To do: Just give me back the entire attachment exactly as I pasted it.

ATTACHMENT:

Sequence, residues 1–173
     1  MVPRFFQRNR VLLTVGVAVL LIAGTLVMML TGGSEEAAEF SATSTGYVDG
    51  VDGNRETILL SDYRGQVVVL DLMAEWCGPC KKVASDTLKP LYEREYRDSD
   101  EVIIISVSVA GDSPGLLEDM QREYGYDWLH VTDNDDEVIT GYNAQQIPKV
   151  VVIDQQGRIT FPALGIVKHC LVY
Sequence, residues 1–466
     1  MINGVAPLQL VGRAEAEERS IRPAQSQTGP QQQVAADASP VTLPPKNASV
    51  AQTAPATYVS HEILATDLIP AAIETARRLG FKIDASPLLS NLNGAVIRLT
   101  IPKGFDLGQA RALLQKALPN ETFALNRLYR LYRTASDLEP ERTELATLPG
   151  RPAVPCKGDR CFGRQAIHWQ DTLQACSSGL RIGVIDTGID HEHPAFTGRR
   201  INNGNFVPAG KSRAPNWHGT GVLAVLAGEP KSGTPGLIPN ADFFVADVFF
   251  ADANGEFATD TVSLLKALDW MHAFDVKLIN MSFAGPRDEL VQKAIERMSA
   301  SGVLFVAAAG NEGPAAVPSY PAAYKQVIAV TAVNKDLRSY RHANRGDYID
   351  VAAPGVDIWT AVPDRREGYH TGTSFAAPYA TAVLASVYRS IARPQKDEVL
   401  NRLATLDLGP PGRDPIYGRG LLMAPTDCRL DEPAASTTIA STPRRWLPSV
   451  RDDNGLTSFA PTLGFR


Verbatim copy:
Sequence, residues 1–173
     1  MVPRFFQRNR VLLTVGVAVL LIAGTLVMML TGGSEEAAEF SATSTGYVDG
    51  VDGNRETILL SDYRGQVVVL DLMAEWCGPC KKVASDTLKP LYEREYRDSD
   101  EVIIISVSVA GDSPGLLEDM QREYGYDWLH VTDNDDEVIT GYNAQQIPKV
   151  VVIDQQGRIT FPALGIVKHC LVY
Sequence, residues 1–466
     1  MINGVAPLQL VGRAEAEERS IRPAQSQTGP QQQVAADASP VTLPPKNASV
    51  AQTAPATYVS HEILATDLIP AAIETARRLG FKIDASPLLS NLNGAVIRLT
   101  IPKGFDLGQA RALLQKALPN ETFALNRLYR LYRTASDLEP ERTELATLPG
   151  RPAVPCKGDR CFGRQAIHWQ DTLQACSSGL RIGVIDTGID HEHPAFTGRR
   201  INNGNFVPAG KSRAPNWHGT GVLAVLAGEP KSGTPGLIPN ADFFVADVFF
   251  ADANGEFATD TVSLLKALDW MHAFDVKLIN MSFAGPRDEL VQKAIERMSA
   301  SGVLFVAAAG NEGPAAVPSY PAAYKQVIAV TAVNKDLRSY RHANRGDYID
   351  VAAPGVDIWT AVPDRREGYH TGTSFAAPYA TAVLASVYRS IARPQKDEVL
   401  NRLATLDLGP PGRDPIYGRG LLMAPTDCRL DEPAASTTIA STPRRWLPSV
   451  RDDNGLTSFA PTLGFR